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  11. Nigel Kearney (864 comments) says:

    parents end up paying twice

    Yeah right. We pay taxes so our kids school gets the $100, then we pay taxes so some other school where parent’s don’t pay tax can also have $100, then we pay activities fees, then we spend money at fundraising events so our kids school can have the same level of funding as other schools getting decile funding that also comes from my taxes. At this point I would be overjoyed to only pay twice.

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  12. simian (29 comments) says:

    Silly article first schools are Godley and hardly ever even try to collect donations yet apparently if this policy happens they will become money loving and try to grab even more from parents!

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  13. altiora (208 comments) says:

    Labour never seem to appreciate just how annoyed and insulted most people feel when Labour seeks to tailor make policy to reflect, and justify, the behaviour of those small minority of unreasonable and selfish people who think the world owes them a free lunch.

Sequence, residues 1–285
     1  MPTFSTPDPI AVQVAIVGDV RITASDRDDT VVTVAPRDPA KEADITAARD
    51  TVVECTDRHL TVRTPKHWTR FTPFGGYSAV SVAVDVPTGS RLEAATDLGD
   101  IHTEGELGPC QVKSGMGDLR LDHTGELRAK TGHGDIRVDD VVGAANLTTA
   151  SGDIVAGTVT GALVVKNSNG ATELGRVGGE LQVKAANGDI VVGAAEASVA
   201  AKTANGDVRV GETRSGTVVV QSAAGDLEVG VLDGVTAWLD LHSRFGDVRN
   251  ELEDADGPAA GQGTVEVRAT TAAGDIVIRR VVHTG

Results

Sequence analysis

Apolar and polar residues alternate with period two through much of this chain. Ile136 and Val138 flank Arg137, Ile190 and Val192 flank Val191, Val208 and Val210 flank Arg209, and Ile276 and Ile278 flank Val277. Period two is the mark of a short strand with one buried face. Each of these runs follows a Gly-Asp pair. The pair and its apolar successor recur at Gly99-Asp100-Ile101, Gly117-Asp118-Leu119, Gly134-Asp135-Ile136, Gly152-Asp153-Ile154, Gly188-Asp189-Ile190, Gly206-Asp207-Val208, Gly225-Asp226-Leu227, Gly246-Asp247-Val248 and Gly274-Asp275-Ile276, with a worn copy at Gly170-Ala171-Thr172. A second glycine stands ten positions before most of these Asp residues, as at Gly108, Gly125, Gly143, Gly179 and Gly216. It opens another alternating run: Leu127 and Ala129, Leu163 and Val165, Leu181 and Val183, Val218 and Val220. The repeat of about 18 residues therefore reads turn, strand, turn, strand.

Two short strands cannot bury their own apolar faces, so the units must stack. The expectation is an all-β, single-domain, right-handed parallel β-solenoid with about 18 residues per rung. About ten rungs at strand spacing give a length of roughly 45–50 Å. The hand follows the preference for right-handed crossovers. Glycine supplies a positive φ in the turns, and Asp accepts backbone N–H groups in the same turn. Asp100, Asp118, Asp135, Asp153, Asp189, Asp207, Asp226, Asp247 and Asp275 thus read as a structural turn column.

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  14. macdee (29 comments) says:

    At the root of this is the debate over ‘wants’ and ‘needs’, through the ops grant the state provides a level of funding that it believes should allow schools to deliver the curriculum to an acceptable level, additional funds are provided for low decile schools, the debate then becomes what is an acceptable level and is the ops grant sufficient, schools, ‘want’ more, quite rightly they believe they can do better for their students, hence “donations”, if Labour believes schools need more they should revisit the ops grant funding, at the same time they should investigate how well schools are using their funding, rather than a knee jerk election bribe proper analysis should be done